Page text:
Larry Wood, a lawyer from West Rogers Park, this week became the winner of The New Yorker magazine's weekly Cartoon Caption Contest for a record fourth time, nudging him past a Georgia man who had won the current contest twice and a precursor once.
Wood, supervisory attorney for the Legal Assistance Foundation of Metropolitan Chicago, had a quip for his success in an e-mail announcing the victory to all those he had asked to vote for him: "This means that, during the past five years, I've been published (at least that's what I'm calling it) in The New Yorker more than twice as often as acclaimed short-story writer … Alice Munro. And she thinks she's so great."
I profiled Wood last year after his third win, a story you can find here. This time out, we used e-mail to discuss how he writes a great caption, what it means to do so and whether Wood will now step back and let others have a chance.
Q: How does it feel to have the official, undisputed record in a contest followed mostly by urban elites?
It felt great until you described the contest that way.
Q: Okay, I suppose there are probably some "real Americans" who follow it, too. Seriously, it's quite an accomplishment. Why do you think you've been so successful where so many others have been, essentially, submitting captions into the void?
There's no formula for writing a winning caption, but most of the captions I really admire (and I'm not talking about my own) share four basic elements. They're brief, they're funny, they address everything that's happening in the cartoon and they're suitable for publication in The New Yorker. (The magazine has rejected some truly hilarious cartoons on the grounds that they were too vulgar, and they're in a book called "The Rejection Collection.")
Q: But there's a big gap between understanding what makes a good caption and actually being able to come up with one. Are you a strong visual thinker? Do you work harder at it than others?
Bob Mankoff, who runs the contest, has said that if you've got a talent for the contest, "your brain starts to itch" when you see a captionless cartoon. That perfectly describes the way I feel. I may not immediately think of a caption, but I'm energized by the challenge of finding just the right one, and I can't move on to another task until I've come up with something I'm ready to submit. Sometimes the process involves finding a connection between two disparate subjects (panhandlers and dolphins, or prisons and talk shows). Other times it's a matter of figuring out how the characters wound up in the situation that's pictured, and what one of them might say in that situation. Fortunately, the process usually takes no more than 10-20 minutes.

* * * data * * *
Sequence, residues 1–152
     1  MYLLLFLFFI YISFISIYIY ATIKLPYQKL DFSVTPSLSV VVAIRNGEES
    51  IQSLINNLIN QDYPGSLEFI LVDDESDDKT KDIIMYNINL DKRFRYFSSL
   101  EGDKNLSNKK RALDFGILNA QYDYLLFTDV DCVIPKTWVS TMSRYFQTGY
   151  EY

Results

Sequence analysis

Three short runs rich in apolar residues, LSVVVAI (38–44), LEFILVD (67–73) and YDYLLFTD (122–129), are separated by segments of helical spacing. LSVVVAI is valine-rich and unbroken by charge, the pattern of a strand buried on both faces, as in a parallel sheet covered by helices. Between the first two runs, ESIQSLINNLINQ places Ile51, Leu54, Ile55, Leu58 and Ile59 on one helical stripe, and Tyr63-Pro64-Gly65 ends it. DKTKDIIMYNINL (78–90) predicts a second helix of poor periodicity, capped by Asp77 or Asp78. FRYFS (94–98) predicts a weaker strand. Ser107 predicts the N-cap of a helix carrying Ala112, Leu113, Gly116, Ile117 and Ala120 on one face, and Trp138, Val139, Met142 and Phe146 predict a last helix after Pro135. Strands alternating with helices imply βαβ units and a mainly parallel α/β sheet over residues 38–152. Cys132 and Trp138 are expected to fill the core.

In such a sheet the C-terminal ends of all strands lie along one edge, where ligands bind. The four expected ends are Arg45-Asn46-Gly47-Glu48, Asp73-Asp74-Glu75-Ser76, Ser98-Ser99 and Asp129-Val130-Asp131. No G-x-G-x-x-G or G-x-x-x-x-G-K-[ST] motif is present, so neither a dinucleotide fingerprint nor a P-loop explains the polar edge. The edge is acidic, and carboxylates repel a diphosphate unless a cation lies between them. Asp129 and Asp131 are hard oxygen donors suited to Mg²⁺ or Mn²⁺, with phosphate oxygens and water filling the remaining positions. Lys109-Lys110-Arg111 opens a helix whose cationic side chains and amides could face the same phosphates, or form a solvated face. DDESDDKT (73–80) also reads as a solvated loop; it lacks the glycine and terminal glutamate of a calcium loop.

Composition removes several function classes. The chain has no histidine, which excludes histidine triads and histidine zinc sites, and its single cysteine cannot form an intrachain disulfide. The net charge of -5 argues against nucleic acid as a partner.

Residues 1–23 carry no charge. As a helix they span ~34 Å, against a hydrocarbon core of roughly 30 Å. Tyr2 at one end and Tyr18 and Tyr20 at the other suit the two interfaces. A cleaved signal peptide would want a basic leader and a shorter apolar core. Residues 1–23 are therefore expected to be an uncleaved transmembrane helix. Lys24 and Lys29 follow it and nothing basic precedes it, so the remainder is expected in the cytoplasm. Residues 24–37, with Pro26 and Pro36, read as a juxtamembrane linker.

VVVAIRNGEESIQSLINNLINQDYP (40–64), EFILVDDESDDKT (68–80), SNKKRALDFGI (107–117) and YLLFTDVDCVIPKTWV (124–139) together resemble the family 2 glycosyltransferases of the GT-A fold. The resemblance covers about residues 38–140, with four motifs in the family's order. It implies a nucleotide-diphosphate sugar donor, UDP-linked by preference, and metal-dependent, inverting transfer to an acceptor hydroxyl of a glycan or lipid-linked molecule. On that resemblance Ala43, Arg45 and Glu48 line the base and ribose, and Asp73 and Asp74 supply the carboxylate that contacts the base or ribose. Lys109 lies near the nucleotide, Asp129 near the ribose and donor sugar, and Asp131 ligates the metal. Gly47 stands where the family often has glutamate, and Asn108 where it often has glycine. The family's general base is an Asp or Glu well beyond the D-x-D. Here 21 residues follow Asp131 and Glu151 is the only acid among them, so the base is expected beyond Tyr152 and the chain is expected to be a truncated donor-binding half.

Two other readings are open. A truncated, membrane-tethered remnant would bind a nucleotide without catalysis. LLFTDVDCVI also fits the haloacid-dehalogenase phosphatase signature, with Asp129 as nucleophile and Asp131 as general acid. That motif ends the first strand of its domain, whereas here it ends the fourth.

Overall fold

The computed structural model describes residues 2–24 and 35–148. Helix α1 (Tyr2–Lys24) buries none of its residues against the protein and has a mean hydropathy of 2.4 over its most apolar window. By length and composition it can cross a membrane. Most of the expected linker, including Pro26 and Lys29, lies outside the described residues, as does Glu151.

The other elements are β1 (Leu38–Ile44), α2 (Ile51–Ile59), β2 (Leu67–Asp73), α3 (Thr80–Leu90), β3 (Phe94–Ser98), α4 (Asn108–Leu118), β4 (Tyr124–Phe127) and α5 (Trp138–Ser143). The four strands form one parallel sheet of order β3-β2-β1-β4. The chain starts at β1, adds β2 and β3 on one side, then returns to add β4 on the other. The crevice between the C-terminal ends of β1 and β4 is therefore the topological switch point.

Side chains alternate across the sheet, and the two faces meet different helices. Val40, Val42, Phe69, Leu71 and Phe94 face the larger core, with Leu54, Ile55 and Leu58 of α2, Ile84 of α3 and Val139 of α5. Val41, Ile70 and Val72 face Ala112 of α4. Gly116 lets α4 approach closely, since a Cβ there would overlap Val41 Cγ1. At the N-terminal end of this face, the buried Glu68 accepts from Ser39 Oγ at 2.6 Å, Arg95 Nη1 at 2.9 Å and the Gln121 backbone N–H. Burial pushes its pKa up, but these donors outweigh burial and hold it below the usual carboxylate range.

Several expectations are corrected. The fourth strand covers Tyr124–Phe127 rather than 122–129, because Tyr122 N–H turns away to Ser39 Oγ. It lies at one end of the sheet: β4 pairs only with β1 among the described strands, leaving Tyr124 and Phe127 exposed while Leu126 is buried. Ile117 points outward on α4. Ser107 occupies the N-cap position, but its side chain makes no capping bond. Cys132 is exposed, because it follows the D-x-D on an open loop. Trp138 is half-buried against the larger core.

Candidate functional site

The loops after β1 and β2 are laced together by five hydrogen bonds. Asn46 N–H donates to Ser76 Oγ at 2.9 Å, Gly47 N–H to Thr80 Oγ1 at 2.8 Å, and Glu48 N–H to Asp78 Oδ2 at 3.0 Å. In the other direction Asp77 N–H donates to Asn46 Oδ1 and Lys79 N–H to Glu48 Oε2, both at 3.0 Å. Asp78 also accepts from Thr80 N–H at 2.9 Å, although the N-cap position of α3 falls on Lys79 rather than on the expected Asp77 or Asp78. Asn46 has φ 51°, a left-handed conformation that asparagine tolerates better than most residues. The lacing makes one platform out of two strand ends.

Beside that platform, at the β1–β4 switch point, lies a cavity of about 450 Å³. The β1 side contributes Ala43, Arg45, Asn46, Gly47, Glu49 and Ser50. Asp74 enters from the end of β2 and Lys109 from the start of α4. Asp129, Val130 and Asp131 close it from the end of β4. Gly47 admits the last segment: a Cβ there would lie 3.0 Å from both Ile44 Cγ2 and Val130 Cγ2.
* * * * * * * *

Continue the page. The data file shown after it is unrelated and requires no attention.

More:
Q: Describe how you came up with the latest winning caption. I know you are a particular fan of that cartoon.
That cartoon (by Drew Dernavich) presented an interesting challenge because it wasn't as bizarre as the cartoons that are typically chosen for the caption contest. It has no talking cows or panhandling dolphins or anything like that. It's easier (relatively speaking) to caption a strange cartoon, because you're working within very specific parameters. When a cartoon presents a situation that's not inherently amusing or bizarre — e.g., two guys sitting in a traffic jam — your options are nearly limitless. You're working with very little guidance, and that's hard. Winning the last contest, therefore, was particularly gratifying. (Wood's deadpan caption was, "Try honking again.") And now I own a cartoon by Dernavich, whose work I love.
Q: That reminds me. What do you do with the original drawings you've won as the contest's prize?
I get them framed — they come nicely matted but not framed — and hang them on the wall in our front foyer. The frames are expensive, so my wife (who's more fiscally responsible than I) gets a little annoyed every time I win.
Q: Do you think there's any larger meaning to or lessons to be drawn from the contest?
Sure — brevity is the soul of wit. The best captions (and, again, I'm not referring to my own) are the shortest.
Q: What about in the broader social context?
The contest gives people like me, whose work would otherwise never warrant inclusion in the nation's most venerable magazine, a chance to say that they've been published in The New Yorker.
Q: Does your success in this realm ever make you think you could have been a professional comedy writer?
I'd be lying if I said I've never harbored such a fantasy. The closest I've ever come to realizing this fantasy is at The Moth, a story-telling competition held the last Tuesday of every month at Martyrs', a bar on Lincoln Avenue. Every person who wants to compete puts his name in a hat. If your name is one of the ten selected, you get on stage and take no more than five minutes to tell a true story that fits a certain theme. I've competed twice, and though my stories went over well, I only came in third both times. But I'm going to keep competing. After all, I didn't become a finalist in the caption contest until my 39th attempt.
Q: Don't you think you should maybe play it like Miss America, though, and let others have a chance in subsequent rounds?
I don't think my participation in the contest is preventing anyone else from achieving success. … There have now been 260 caption contests and I've been a finalist in just five of them, and I've won only four. So I'm batting 19 (.019), which is a lousy average. I must do better.
Think you are funnier than Larry Wood? Try to beat the expert by writing a caption for this cartoon.